Sing-Alongs and Sleeptime Songs

In a companion volume to her Mother Goose Remembers, Clare Beaton combines 40 classic nursery rhymes with her sumptuously sewn collage to create Playtime Rhymes for Little People. Easy instructions encourage active participation through finger play and body gestures. (Barefoot, $18.99 64p ages 4-7 ISBN 1-84148-425-3; Sept.)

Two Sesame Street songs take book form for the first time. "Here, in the middle of imagination, right in the middle of my head.../ I close my eyes and my home isn't home.../ and my bed isn't really my bed." Musical director Joe Raposo created Imagination Song 25 years ago; now Laurent Linn's dreamlike depictions of the familiar characters show them acting out their fantasies—Miss Piggy morphs into a mermaid, Cookie Monster holds court and Grover floats above the Earth's atmosphere on the tail of a kite. I Don't Want to Live on the Moon by the late Jeff Moss (who also wrote "Rubber Duckie") is set against Dagmar Fehlau's intergalactic illustrations. (Random, $9.99 each 32p all ages ISBN 0-375-80688-1; -80689-4; Oct.)

Laura Vaccaro Seeger carries on the family tradition with I Had a Rooster: A Traditional Folk Song. Based on a concept by Ruth Crawford Seeger (stepmother of Pete), this song in book form introduces new creatures on successively smaller pages, while cumulative lines from previously printed verses show through below. The melody line is included; Vaccaro Seeger's (wife of Pete Seeger's nephew, Chris) finely tuned oils illustrate the text. A foreword by Pete Seeger provides a history as well as crafty sketches he once used in classrooms while performing the song to children; he sings the title song on a CD packaged in the back, which also includes two songs by siblings Mike and Peggy. (Viking, $16.99 32p ages 6mos.-8yrs. ISBN 0-670-03521-1; Oct.)

Youngsters well know the opening lines of Twinkle, Twinkle Little Star. Sylvia Long revisits the classic and includes the traditional verses—"When the blazing sun is gone,/ When he nothing shines upon,/ Then you show/ your little light,/ Twinkle, twinkle,/ all the night"—alongside celestial watercolor depictions of critters heading home at nightfall. A baby frog eats grubs for supper; a mouse is tucked under the covers. (Chronicle, $13.95 32p ages 6mos.-5yrs. ISBN 0-8118-2854-9; Nov.)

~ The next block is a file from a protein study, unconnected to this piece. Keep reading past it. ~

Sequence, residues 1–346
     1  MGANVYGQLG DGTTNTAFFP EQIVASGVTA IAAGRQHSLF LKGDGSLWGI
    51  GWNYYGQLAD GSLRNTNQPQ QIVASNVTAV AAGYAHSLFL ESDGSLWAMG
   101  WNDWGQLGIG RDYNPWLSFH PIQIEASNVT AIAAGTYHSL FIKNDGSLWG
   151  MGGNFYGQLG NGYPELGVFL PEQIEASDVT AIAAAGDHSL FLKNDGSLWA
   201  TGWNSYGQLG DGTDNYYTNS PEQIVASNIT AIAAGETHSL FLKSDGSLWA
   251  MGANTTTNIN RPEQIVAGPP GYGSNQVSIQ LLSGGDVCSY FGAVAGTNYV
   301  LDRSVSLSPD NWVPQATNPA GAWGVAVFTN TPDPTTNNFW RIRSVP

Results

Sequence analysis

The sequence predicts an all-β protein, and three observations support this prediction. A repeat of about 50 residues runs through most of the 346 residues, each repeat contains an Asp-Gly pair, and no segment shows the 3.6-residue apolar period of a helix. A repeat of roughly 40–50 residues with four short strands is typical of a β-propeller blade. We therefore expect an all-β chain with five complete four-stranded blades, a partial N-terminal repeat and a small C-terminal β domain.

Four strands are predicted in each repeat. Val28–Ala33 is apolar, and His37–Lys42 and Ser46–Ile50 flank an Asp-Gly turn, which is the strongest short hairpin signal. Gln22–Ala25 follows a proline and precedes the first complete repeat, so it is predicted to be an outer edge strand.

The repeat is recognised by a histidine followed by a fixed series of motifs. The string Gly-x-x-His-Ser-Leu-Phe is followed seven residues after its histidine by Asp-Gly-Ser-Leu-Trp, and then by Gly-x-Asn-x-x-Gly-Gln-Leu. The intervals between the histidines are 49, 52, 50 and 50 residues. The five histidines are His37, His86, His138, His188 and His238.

With Amanda Wallwork's Sleep Songs, readers get two books in one. "Twinkle, Twinkle, Little Star" comes first; like Long's, this edition provides a fuller version of the traditional text. Youngsters can turn the board book upside down for the second song, "Golden Slumbers." Here, Wallwork's buttery hues contrast with deep blues as the child drifts off to sleep. Glittering foil accents sunflowers, stars and moon. (Ragged Bears, $8.95 32p ages 6mos.-5yrs. ISBN 1-929927-39-8; Dec.)

Seasonal Celebrations

From snowy hills in "January [which] brings us coasting/ Taffy pulls and apple roasting" to December, which "brings glad Christmas cheer," Tasha Tudor's Around the Year alternates between antique watercolors and b&w drawings. The Caldecott Honor artist frames the comforting verse with old-fashioned landscapes and quaint country scenes, first published in 1957. (S&S, $17 64p all ages ISBN 0-689-82847-0; Oct.)

In Beto and the Bone Dance by Gina Freschet, a boy celebrates the Mexican holiday, el Día de los Muertos, or the Day of the Dead. After a night of dancing and searching for a suitable offering to place atop his grandmother's altar, Beto finally finds just the right gift. (FSG, $16 32p ages 4-8 ISBN 0-374-31720-8; Oct.) Scott Allen pays poetic tribute to autumn's official gourd in Somethin' Pumpkin, illus. by Jimmy Pickering. The rhyming text details its many uses: "Stacked/ up/ with/ several/ subdivided/ compartments/ a pumpkin's/ a great place for/ arachnid/ apartments" and "In Frankenstein/ Football/ in all away—games/ they use/ pumpkin shells/ to bolt-in their/ brains." Pickering's clever illustrations add spooky humor. (Tallfellow/Smallfellow [310-203-3837], $16.95 32p ages 4-8 ISBN 1-931290-00-8; Sept.)